The Tax Credits And Rebates That Come With Buying An EV
The IRS explains that the federal tax applies to any vehicle purchased after December 31, 2009. The base for the credit is $2,500, but for every 5kWh the battery of the vehicle has, an additional amount is paid. New EV models, given their battery size and capacity, usually qualify for the full maximum of $7,500. Kelley Blue Book adds that the $7,500 in credit is not an instant benefit; rather, it is a credit that buyers can only use in the same year of purchase when they file their taxes to obtain tax discounts of up to $7,500. The credit only applies to new vehicles and not used cars. Leased vehicles do not apply. The vehicle needs to be used inside the country, must be bought for personal use, and not be intended for resale.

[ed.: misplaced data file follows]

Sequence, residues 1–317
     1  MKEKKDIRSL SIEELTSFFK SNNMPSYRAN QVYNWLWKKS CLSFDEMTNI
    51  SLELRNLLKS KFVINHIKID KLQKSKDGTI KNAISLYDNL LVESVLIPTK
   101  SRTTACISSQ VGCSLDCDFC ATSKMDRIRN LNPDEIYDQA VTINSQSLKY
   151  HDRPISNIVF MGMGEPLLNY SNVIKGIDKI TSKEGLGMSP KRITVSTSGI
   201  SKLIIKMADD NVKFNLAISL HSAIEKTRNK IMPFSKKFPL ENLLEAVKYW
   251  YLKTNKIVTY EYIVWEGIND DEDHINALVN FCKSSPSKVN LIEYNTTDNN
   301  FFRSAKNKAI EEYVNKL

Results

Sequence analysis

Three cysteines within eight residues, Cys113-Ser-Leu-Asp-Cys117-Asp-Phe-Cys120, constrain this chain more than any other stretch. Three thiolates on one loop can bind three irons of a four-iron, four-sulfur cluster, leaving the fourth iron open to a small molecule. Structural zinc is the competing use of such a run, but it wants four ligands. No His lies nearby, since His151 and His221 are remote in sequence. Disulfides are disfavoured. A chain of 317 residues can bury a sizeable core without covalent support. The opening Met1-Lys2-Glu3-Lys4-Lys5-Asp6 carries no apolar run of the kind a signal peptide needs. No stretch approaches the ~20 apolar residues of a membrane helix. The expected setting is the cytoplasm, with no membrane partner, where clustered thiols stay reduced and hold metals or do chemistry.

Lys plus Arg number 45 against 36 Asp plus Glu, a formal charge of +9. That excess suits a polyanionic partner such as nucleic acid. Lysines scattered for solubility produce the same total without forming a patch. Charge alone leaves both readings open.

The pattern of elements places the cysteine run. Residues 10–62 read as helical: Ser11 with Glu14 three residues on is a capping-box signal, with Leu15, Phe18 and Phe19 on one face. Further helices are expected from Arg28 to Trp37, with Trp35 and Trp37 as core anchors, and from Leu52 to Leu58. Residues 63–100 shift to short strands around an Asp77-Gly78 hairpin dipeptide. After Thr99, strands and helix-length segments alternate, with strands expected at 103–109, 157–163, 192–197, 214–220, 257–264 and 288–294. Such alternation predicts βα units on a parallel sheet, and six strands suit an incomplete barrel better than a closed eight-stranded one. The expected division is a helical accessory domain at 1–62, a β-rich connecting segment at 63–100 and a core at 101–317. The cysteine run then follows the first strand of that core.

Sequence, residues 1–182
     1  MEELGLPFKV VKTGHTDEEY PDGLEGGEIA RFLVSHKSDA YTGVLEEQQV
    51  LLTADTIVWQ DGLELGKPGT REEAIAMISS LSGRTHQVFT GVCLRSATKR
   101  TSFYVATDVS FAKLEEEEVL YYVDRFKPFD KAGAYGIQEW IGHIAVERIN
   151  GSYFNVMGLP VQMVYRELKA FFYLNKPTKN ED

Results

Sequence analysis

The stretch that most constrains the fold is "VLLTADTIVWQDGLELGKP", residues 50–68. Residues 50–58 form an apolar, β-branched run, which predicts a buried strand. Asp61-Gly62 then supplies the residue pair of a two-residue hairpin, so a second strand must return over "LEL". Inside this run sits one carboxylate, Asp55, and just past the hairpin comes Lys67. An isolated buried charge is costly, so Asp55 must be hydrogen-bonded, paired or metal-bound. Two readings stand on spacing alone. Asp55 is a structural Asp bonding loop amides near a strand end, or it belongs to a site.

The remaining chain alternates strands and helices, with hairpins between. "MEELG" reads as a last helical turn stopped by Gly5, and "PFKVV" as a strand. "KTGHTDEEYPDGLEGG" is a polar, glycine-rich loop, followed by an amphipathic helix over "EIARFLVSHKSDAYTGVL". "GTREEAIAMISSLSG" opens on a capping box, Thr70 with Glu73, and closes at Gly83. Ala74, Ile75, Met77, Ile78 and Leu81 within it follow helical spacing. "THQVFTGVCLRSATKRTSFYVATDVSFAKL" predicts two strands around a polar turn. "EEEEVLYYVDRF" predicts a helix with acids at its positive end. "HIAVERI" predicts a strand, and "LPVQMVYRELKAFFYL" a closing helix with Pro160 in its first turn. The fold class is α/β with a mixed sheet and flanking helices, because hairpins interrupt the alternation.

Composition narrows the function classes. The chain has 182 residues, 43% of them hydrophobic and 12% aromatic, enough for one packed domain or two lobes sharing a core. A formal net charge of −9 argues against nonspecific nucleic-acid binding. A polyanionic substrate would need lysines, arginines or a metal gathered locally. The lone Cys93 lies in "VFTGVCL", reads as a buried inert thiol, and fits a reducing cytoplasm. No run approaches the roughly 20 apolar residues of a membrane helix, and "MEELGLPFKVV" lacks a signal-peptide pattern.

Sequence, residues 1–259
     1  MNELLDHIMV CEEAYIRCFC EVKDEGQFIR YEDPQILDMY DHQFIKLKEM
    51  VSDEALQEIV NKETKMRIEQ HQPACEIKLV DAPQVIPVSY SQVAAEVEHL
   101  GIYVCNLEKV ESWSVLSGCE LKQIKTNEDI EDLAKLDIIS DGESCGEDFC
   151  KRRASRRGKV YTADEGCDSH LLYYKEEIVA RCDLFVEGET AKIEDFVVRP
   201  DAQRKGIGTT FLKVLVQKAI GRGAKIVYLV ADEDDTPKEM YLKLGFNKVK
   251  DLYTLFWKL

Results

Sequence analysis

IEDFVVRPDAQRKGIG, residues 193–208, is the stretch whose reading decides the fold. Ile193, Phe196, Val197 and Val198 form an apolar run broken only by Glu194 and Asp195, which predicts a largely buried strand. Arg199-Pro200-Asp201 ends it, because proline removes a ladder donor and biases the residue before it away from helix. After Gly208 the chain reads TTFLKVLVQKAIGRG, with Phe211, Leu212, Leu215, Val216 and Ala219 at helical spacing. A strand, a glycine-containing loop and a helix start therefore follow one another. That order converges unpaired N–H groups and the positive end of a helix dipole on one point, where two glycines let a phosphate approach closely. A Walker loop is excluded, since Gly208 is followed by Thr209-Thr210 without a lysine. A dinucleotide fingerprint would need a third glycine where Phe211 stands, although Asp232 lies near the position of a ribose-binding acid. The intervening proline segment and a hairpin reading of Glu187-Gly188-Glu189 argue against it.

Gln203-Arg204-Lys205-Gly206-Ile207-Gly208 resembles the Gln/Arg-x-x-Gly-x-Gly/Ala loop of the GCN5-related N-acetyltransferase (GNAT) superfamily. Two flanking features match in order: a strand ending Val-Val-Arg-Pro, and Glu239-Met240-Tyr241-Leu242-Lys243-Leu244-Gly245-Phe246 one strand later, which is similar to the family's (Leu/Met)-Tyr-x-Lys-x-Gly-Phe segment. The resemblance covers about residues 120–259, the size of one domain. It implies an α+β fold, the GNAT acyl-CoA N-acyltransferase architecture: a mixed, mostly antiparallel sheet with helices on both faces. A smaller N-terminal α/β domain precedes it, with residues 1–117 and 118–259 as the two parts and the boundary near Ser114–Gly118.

Additionally, every state offers state-level tax incentives, rebates, or benefits, including domestic charging discounts, free parking, and EV charging benefits. A state-by-state map offered by the U.S. Department of Energy reveals that California leads with 135 different laws and incentives. The Clean Vehicle Rebate Project of California allows those who buy or lease an EV to get $1,000 to $7,000 in savings. Tesla, due to price increases, is not eligible for this rebate. Those buying an EV should take advice from professional tax accountants regarding federal incentives, and search for the best benefits available in their state through official channels.
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